It’s safe to say that, no matter what course of study you pursue, reading is going to be a significant part of your higher education experience. In general, all of your classes will have some form of assigned reading, and in many classes, doing the reading will be your primary task throughout the term.
A course text can come in many forms:
Anything you are assigned to read is a course text. Course texts can serve as the basis for quizzes, exams, and written assignments. You may also be tasked with conducting research and having to locate and utilize texts beyond the assigned readings.
The workload and time commitment required for classes at the college or university level can be quite a step up from what you experienced in high school.
This difference might be most pronounced in the amount of reading you are assigned in higher education. It will vary by subject, course, and instructor, but you can expect in more reading-intensive subjects to be assigned around 100-200 pages a week.
It is understandable to feel a little bit overwhelmed about adjusting to the workload, but having a plan involving methods and strategies for reading effectively and efficiently will help! Simply doing the reading is essential, but how you do the reading is even more important.
Recall that effective time management starts with knowing what your tasks are and estimating how long it will take you to do them, so that you can coordinate your schedule and calendar.
The same strategies that apply to working on assignments like papers, presentations, and exams can be used to manage your reading assignments. While it’s true that some students, for various reasons, read more slowly than others, there are ways to maximize your reading efficiency and get the most out of your reading time.
In addition to the reading preparation outlined in the next section, you can also work to improve your attention span.
There are a number of things you can do to minimize distractions, keep your mind from wandering, and stay focused when you sit down to read.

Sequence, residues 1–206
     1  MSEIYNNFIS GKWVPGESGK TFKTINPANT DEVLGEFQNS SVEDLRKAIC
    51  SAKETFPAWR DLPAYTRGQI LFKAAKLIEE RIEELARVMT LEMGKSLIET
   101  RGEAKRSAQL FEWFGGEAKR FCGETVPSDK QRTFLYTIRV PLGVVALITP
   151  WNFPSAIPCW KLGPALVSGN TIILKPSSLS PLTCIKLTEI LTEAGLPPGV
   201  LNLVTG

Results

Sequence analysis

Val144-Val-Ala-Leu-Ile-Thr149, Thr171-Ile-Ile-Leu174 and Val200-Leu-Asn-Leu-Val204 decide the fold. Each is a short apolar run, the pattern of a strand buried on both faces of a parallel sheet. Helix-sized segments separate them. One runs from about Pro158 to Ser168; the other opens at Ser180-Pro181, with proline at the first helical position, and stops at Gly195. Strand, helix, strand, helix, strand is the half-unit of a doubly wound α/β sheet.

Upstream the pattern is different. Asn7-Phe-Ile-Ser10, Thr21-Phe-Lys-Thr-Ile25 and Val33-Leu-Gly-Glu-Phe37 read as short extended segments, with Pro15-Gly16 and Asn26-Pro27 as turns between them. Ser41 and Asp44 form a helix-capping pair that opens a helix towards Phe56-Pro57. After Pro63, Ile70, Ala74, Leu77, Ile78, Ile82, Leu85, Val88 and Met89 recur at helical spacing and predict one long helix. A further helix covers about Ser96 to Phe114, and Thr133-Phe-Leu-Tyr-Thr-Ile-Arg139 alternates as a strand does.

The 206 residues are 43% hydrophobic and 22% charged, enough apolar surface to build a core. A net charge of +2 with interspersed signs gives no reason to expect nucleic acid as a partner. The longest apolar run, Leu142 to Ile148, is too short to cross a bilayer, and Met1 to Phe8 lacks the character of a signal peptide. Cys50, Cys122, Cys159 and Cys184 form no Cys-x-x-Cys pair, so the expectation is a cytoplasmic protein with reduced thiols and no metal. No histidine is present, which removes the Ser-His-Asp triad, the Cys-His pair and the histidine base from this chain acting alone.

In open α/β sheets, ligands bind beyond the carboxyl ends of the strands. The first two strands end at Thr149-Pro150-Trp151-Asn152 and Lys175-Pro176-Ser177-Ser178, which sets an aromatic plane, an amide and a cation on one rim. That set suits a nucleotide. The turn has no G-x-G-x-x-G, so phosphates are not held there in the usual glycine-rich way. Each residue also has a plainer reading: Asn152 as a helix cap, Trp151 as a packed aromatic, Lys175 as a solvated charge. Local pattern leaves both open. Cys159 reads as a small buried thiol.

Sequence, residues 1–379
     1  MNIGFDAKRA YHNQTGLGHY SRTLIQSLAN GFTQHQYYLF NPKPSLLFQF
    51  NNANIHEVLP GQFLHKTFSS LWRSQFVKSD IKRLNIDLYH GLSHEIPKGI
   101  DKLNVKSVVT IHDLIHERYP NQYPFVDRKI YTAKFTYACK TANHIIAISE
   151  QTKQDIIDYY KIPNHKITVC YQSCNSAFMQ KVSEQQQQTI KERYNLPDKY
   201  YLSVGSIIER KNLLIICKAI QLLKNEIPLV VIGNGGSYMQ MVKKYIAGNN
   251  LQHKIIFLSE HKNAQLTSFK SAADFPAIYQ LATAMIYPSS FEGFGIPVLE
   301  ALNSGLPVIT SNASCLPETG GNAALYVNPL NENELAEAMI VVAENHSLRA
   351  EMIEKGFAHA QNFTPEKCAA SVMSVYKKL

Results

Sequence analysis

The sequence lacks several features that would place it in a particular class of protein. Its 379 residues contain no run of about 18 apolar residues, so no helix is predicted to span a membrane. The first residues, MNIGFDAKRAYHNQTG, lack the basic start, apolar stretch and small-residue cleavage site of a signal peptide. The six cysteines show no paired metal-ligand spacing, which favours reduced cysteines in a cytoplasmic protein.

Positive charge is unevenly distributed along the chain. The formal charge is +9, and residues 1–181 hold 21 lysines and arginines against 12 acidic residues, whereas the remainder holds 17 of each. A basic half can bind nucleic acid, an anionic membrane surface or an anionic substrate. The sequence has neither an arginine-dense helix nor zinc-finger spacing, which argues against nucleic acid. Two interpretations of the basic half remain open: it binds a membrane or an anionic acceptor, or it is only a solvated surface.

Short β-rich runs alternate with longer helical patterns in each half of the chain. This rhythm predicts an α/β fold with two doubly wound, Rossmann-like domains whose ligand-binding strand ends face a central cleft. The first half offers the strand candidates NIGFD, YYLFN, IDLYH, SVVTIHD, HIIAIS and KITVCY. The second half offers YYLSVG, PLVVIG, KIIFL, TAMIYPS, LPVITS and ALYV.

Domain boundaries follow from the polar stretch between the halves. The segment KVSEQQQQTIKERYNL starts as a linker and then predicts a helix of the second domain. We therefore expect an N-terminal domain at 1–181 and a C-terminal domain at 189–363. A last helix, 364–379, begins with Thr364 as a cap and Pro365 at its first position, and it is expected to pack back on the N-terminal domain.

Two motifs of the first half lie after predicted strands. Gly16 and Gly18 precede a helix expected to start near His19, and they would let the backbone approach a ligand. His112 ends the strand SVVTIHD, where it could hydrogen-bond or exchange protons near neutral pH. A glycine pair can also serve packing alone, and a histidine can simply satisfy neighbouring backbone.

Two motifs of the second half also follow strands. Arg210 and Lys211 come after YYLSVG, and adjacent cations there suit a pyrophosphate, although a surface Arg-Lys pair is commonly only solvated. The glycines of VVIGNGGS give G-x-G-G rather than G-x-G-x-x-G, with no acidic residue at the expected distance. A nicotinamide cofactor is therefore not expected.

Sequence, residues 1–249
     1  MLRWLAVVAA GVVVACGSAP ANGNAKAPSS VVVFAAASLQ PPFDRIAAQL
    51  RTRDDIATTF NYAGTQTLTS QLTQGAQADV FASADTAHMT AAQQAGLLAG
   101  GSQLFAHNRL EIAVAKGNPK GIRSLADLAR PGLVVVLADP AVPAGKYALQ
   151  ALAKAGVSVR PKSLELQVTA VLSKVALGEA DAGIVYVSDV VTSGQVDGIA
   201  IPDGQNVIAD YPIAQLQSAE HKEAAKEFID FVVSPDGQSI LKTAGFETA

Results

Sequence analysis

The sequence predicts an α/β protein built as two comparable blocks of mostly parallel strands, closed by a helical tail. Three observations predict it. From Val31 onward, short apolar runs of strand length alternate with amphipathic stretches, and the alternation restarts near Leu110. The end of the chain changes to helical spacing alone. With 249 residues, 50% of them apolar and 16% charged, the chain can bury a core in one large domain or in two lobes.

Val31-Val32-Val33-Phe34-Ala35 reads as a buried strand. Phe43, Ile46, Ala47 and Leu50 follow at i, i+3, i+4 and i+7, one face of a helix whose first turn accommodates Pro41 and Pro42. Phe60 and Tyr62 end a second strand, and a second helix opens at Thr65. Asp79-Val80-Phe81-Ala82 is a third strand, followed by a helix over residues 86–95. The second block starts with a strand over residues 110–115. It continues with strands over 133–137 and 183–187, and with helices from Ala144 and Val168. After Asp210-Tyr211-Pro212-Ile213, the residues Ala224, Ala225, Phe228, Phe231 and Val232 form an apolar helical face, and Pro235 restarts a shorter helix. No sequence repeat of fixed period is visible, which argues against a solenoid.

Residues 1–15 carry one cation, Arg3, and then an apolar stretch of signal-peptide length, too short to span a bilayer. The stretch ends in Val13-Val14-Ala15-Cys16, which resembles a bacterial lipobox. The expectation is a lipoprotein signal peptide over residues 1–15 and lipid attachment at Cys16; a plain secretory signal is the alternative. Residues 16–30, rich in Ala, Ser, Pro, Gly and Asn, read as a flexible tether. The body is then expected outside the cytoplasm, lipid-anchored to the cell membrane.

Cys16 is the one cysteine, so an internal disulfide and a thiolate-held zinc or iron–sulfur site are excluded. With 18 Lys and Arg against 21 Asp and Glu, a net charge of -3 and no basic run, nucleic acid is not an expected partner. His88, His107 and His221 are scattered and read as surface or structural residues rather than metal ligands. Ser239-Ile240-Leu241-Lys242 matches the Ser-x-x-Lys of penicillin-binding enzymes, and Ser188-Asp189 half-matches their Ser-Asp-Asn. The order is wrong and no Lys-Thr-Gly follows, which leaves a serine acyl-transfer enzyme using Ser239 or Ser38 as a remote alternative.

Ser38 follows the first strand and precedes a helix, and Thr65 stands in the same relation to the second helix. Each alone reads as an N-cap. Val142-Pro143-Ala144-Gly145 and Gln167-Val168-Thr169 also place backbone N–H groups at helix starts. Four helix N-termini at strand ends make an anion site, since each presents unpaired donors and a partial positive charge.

Being mindful of how your energy level and your sleeping and eating habits can influence your attention span is a good place to start. Schedule your reading time for when you will be sufficiently rested and not thrown off course by nagging hunger.
Again, choosing the right environment for your reading is going to help a lot as well—for instance, a café with music and lots of conversation works for some people, but for others it can be very distracting. Simply taking note of the things that tend to distract you so that you can avoid them in the future is a big help.
If you can tell your concentration is flagging, you might try taking a break, stretching, or shifting the position you are sitting in. As always, the key is cultivating the awareness that helps you identify methods that are right for you.
EXAMPLEYou sit down to read for your history class, but you can’t stop thinking about the finance test you just took. You’re worried about how you did and it’s really affecting your ability to focus. What can you do?
One strategy for improving your attention span is to schedule “worry time.” This means to take stock of all the thoughts and concerns that invade your headspace when you are trying to work on something else, and literally schedule time to worry about them. If you know that from 4:00 to 4:30 you have nothing else to do but worry about that grade on the finance test, there’s no use in worrying about it now. Back to that reading assignment for history!}}